Zendesk (NYSE:ZEN), the customer-service software company, has been riding on a wave of fortune lately. The company is plowing on toward a $5 billion market cap, putting it far above the pack of average high-growth software companies. Since its IPO in 2014, original investors have made 5x on the company's starting IPO price of $9 - not a bad return at all for holding the stock a couple of years.
Year to date, Zendesk has gone up an astounding 33% versus a loss of -3% for the S&P 500:
By all means, some of Zendesk's gains are well-deserved. The company has seen massive revenue growth and become a powerhouse in its space. For the unfamiliar, Zendesk provides a cloud-based software program that helps enterprises set up customer service portals. Its flagship offering, Zendesk Support, is the industry-leading application for handling customer service tickets. A screenshot of the agent interface, taken from Zendesk's website, is shown below:
Figure 1. Zendesk interface
But despite Zendesk's recent success, the vaulting stock price begs the question: is Zendesk overvalued? With a few precious exceptions, as SaaS companies grow larger, the growth begins to decelerate quickly and the stock is suddenly no longer worth double-digit revenue multiples as it was back in the days immediately post-IPO. Despite the fact that Zendesk is a fantastic company with strong potential, its valuation at the moment has reached beyond the fundamentals and is due for a pullback.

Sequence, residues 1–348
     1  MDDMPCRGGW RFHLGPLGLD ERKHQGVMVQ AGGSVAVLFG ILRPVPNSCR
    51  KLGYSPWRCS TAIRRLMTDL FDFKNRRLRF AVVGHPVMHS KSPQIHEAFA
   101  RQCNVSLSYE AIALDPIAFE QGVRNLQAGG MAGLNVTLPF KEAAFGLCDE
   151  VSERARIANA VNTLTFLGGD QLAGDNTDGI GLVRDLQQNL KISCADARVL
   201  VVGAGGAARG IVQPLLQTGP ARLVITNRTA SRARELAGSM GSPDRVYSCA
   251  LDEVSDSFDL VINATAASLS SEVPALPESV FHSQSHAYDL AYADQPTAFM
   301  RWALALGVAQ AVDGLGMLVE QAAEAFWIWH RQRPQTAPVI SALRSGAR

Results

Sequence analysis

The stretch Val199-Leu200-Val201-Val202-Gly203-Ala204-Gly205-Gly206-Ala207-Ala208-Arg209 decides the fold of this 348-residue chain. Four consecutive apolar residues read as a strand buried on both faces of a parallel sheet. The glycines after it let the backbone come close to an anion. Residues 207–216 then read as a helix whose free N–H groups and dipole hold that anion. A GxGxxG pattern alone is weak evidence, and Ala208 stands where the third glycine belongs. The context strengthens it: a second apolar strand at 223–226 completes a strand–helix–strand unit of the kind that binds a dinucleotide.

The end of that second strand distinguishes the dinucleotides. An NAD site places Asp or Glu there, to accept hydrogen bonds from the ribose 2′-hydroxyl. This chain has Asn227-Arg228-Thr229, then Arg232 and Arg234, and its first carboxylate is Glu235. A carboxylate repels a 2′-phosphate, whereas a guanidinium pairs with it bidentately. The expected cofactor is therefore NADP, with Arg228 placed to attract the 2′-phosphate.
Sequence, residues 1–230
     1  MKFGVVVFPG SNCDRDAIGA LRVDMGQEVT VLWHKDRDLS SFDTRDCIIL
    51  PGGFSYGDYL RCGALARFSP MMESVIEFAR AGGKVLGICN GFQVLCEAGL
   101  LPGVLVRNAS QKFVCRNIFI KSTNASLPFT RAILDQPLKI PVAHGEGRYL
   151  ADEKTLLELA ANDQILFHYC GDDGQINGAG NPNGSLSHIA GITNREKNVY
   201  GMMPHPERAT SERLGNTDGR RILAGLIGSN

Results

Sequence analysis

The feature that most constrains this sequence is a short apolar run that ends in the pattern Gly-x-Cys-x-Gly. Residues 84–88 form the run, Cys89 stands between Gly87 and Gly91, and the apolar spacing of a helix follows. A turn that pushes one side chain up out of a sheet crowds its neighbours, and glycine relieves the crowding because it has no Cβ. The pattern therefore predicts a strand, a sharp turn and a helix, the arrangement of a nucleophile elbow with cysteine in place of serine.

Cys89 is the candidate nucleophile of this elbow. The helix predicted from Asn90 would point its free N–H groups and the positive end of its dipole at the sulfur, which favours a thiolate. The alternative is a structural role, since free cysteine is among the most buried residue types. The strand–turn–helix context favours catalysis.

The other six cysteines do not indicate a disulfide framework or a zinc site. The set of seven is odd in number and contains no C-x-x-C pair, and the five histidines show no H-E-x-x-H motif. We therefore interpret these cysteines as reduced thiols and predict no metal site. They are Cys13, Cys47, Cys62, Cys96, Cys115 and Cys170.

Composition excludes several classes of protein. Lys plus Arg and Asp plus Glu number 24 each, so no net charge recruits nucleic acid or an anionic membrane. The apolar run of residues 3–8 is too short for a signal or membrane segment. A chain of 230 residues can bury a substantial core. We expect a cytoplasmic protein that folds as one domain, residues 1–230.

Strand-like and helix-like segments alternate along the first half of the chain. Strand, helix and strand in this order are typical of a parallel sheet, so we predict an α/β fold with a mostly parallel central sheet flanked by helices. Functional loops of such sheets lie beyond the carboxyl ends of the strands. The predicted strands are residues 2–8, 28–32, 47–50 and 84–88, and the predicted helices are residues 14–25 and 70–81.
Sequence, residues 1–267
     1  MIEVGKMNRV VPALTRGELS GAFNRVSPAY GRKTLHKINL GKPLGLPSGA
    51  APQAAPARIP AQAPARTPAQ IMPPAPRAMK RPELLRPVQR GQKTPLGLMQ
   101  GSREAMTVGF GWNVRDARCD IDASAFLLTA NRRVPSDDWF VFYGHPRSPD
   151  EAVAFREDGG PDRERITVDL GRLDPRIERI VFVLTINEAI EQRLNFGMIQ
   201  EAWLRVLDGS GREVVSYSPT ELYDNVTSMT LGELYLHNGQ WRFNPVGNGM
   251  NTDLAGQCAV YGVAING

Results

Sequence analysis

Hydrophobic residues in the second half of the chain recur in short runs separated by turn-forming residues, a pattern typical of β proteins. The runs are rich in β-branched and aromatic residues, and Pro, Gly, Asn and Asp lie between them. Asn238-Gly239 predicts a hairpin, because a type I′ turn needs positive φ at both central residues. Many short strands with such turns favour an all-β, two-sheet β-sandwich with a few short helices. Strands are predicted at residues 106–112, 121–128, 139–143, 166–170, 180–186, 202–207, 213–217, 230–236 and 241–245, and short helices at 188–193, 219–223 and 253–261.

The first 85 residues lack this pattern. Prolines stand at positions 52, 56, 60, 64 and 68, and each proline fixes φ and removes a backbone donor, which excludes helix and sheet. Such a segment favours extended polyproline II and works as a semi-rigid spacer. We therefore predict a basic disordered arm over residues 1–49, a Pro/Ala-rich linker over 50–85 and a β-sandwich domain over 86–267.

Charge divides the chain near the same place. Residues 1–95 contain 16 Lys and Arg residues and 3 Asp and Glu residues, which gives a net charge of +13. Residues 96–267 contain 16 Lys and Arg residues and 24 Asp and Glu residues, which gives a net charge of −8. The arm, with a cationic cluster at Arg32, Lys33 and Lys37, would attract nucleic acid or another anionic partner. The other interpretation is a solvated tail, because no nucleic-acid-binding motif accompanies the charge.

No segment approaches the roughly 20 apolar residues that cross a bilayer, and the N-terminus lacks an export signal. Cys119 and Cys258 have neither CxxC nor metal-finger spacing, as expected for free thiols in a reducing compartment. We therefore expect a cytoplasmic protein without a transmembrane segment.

Here's a look at how Zendesk's growth trajectory has fared over the past five years:
Figure 2. Zendesk income statement
Source: Zendesk 10-K
In FY17, the company grew revenues 38% y/y to $430.5 million. Don't get me wrong: that's tremendous growth for a company of its size, but the valuation (which we'll discuss shortly) essentially already prices in that growth.
Where the risk comes into play is if Zendesk begins to decelerate its revenue growth faster than expected. The company has historically had a strong track record for beating expectations, but it's not uncommon for software stocks to falter at this stage. Box.com (BOX), for example, plunged after reporting fourth-quarter earnings last month when its guidance implied just 20% growth in FY19 (calendar year 2018) versus the 27% growth it produced in FY18. With forward revenues of approximately $600 million, Box is at about the same scale (only slightly larger) as Zendesk is now.
Thankfully for bulls, Zendesk surprised to the upside (but only slightly) when it gave FY18 guidance of $555-565 million in revenues, implying 30% y/y growth at the midpoint. This is an eight-point deceleration from its growth rate in FY17. This might be good enough for Zendesk's investors and its covering Wall Street analysts, but the same rate of deceleration (seven points) is what caused Box to topple. Of course, 20% growth and 30% growth are different things, but extrapolating this rate forward, it won't take long for Zendesk to falter to the 20s - especially with its product becoming increasingly saturated and up against serious competition.
Zendesk recently put out a press release announcing that it had crossed the $500 million annual revenue run-rate ahead of announcing Q1 earnings. This implies that Zendesk's Q1 revenues will be at least $125 million versus its guidance for $125-127 million in revenues. That's good news, but for how long can this good fortune prosper?
And despite revenues more than quintupling over the past five years, Zendesk still generated a GAAP operating loss of -$114.6 million in FY17, or a -26.6% operating margin. The company did generate $25.7 million of free cash flow, so at least that's respectable - but note that this represents an FCF margin of just 6%. Dropbox (DBX), on the other hand, generated a 28% FCF margin; Salesforce.com (CRM) generated 21%.